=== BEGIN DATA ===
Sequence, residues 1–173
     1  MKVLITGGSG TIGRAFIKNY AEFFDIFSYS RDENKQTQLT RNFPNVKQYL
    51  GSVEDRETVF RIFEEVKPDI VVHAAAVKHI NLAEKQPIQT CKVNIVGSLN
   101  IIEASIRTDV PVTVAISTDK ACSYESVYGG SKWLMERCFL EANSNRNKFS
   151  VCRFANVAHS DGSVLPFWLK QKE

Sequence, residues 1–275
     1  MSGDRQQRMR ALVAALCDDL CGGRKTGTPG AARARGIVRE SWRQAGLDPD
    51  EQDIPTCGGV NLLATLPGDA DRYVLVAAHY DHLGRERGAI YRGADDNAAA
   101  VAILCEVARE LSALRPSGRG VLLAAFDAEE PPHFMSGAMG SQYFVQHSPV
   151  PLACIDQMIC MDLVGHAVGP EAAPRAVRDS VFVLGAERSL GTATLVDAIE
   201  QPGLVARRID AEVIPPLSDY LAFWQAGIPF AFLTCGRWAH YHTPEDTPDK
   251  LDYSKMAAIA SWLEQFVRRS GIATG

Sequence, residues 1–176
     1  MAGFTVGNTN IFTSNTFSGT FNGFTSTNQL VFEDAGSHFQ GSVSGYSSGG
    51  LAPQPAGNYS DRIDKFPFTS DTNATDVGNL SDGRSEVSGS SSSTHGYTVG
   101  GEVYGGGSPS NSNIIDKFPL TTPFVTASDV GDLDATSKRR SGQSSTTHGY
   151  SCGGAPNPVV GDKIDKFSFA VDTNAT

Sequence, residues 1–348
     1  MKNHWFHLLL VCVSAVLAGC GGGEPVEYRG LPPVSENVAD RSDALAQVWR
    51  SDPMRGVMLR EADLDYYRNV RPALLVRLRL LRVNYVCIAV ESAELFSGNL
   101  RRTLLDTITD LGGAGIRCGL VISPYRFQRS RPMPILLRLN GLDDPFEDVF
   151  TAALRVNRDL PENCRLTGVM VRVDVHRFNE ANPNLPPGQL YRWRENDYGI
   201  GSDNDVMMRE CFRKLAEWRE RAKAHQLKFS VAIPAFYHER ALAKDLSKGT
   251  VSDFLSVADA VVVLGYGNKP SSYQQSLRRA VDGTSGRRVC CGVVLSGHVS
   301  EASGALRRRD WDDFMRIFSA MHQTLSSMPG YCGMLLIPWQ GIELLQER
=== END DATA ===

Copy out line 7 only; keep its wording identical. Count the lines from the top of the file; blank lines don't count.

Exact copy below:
     1  MSGDRQQRMR ALVAALCDDL CGGRKTGTPG AARARGIVRE SWRQAGLDPD